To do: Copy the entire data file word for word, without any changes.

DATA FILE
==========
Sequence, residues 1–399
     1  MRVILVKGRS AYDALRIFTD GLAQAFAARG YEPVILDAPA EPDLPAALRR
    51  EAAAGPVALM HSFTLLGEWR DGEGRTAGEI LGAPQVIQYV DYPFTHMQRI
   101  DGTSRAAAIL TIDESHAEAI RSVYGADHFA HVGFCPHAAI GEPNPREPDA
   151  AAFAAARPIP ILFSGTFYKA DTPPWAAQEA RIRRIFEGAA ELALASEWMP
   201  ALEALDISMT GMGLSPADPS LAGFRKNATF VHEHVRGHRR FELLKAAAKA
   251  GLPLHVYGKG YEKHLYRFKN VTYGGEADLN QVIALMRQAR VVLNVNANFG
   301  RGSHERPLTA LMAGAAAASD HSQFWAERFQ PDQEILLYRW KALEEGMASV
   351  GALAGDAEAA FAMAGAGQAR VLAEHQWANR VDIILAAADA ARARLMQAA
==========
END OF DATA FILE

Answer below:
Sequence, residues 1–399
     1  MRVILVKGRS AYDALRIFTD GLAQAFAARG YEPVILDAPA EPDLPAALRR
    51  EAAAGPVALM HSFTLLGEWR DGEGRTAGEI LGAPQVIQYV DYPFTHMQRI
   101  DGTSRAAAIL TIDESHAEAI RSVYGADHFA HVGFCPHAAI GEPNPREPDA
   151  AAFAAARPIP ILFSGTFYKA DTPPWAAQEA RIRRIFEGAA ELALASEWMP
   201  ALEALDISMT GMGLSPADPS LAGFRKNATF VHEHVRGHRR FELLKAAAKA
   251  GLPLHVYGKG YEKHLYRFKN VTYGGEADLN QVIALMRQAR VVLNVNANFG
   301  RGSHERPLTA LMAGAAAASD HSQFWAERFQ PDQEILLYRW KALEEGMASV
   351  GALAGDAEAA FAMAGAGQAR VLAEHQWANR VDIILAAADA ARARLMQAA